When you ask yourself why you are doing something, you may well end up not doing it!
Wonder if you have thought of this. Why do people speak on the mobile phone while driving – especially when riding a two-wheeler in India, where they hold their phone between their shoulder and ear, even as they navigate through busy roads? Is it that these people don’t know that what they are doing is inherently dangerous – not only for them but for other road users? Or is it that these people are mindlessly doing it?
Of course, it is a cultural issue in India that if there is a law, the average Indian citizen will violate it. But beyond the general tendency to not be law-abiding, there’s a reason why people behave this way. That reason is best explained by understanding how the human mind works.
Most of the time, you are just doing stuff without realizing what you are doing. Because if you realize, if you evaluate, for instance, the safety hazards in speaking on the phone while driving, you possibly won’t drive when on the phone or you will stop to speak and then proceed. It is not as if you don’t know it is both legally wrong or unsafe, yet you go on doing this – speaking on the phone and driving. All the time. You don’t realize that you are not even present in the moment when you are on a call! Either you can be engaged in the conversation or you can be engaged in the moment. You can’t be doing two things at once. Which is why, speaking on the phone and driving is discouraged and disallowed. Let me quickly clarify that the issue here is not just about speaking on the phone and driving. In most contexts we are absent from the now, from the present moment, because we are either clinging on to the dead past or we are anxious about the unborn future. This is why, while we know many things are ruinous, we go on doing them. We know overeating is ruinous, but we overeat. We know worrying is futile, but we go on worrying. We know waking up late will kill the exercise regimen, but we go on snoozing the alarm. We know surely what is integral to our inner peace but we go on doing stuff that vitiates it only because we don’t immerse ourselves in the moment. So, pretty much, most of the time, we end up not being aware of what we are doing!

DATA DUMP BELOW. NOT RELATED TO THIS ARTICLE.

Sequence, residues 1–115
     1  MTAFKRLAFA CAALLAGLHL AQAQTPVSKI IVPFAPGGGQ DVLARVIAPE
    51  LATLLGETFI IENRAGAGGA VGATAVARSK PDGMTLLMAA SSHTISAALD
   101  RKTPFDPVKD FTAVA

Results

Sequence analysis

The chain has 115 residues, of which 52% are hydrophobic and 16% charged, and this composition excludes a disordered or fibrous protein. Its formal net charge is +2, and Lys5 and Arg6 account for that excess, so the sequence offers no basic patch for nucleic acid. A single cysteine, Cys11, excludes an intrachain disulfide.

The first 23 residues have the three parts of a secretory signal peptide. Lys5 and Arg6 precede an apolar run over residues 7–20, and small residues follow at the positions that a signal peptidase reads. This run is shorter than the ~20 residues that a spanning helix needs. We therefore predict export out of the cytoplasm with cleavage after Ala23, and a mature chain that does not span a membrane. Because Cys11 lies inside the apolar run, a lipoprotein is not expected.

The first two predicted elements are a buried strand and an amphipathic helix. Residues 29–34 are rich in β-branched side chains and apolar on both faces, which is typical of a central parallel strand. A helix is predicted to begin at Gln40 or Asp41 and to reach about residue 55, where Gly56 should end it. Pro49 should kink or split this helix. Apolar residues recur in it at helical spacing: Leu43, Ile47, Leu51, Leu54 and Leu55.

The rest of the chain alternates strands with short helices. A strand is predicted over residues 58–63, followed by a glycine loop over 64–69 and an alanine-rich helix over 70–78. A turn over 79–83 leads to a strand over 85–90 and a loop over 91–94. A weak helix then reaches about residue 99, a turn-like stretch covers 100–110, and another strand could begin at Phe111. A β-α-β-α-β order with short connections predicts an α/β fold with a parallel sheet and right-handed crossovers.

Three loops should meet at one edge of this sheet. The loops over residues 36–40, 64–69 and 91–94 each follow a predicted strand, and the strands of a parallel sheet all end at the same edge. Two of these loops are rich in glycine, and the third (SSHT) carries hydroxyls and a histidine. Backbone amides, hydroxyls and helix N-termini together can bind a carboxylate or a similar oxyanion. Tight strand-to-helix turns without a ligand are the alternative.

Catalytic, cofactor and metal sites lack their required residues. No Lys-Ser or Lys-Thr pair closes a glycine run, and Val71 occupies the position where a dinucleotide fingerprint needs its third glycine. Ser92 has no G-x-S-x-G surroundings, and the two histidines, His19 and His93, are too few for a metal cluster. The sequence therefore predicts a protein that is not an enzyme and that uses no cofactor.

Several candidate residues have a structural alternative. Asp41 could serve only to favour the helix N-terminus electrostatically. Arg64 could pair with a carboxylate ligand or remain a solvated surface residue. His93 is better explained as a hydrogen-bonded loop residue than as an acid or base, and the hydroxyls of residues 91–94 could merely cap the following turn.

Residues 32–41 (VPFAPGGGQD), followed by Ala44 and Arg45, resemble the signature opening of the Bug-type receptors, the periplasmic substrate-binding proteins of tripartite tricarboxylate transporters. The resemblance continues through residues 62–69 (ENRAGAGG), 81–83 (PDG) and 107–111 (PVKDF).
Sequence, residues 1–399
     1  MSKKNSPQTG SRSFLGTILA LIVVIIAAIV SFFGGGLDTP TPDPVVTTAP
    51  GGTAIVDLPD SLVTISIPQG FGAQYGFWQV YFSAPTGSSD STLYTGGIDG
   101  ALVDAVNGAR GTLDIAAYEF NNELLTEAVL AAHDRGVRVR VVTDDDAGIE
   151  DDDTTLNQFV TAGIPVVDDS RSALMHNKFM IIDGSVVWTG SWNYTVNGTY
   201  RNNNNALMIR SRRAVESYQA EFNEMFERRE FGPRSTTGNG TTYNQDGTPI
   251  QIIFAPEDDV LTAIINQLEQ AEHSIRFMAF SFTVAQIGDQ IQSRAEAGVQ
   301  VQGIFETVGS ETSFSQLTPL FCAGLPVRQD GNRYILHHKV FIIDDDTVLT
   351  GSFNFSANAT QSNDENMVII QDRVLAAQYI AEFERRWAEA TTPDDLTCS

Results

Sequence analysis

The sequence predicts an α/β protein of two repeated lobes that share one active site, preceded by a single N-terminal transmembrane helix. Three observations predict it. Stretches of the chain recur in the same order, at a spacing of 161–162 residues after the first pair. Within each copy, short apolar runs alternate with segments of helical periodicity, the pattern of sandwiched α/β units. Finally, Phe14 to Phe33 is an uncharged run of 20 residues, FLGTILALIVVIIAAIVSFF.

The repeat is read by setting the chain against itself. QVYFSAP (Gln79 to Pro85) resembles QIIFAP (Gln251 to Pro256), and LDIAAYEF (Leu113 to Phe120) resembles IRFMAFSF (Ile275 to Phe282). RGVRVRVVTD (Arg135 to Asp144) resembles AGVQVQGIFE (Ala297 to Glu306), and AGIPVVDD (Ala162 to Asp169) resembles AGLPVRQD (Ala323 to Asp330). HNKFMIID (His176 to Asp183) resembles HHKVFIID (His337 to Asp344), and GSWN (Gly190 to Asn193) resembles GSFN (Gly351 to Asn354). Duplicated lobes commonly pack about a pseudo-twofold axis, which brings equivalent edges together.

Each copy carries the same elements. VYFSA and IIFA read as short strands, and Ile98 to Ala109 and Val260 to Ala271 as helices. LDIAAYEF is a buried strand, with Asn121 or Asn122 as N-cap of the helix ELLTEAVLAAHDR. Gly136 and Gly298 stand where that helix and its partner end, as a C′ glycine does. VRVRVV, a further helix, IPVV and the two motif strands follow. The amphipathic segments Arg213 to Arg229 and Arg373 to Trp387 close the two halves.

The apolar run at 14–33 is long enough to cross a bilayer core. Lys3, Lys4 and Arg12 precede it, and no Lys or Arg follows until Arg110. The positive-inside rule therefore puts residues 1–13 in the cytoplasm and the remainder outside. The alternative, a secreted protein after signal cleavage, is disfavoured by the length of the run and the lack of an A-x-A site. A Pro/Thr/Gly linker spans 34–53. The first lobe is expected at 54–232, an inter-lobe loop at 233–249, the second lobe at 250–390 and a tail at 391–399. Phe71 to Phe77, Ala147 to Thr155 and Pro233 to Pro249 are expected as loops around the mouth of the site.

If you carefully observe yourself and your thoughts through a full day first, and then over a week, you will see a pattern. You will recognize that you know that you should not be doing several things that you are doing currently. But you will also realize that despite knowing it, you go on committing hara-kiri with your Life.
The rider on the two-wheeler, often not even wearing a helmet, with a phone clutched between shoulder and ear, with the head tilted awkwardly to prevent the phone from falling off, is but a metaphor. Of living stupidly – of knowing what must not be done and of going on doing it; simply because you are not aware, you are not living in the moment.
Living intelligently – knowing what you are doing and staying immersed in the now – can be achieved by consciously, and continuously, training the mind. Ask yourself why you are doing what you are about to do – maybe eat an extra helping of dessert, maybe drink and drive, maybe lose your temper on someone, whatever! When you ask yourself why, you often end up not doing what you were setting out to do! Training your mind means to learn to invite it to pause, soak in the moment and only then act – every single time! This pause is what makes the crucial difference between living intelligently and living stupidly!
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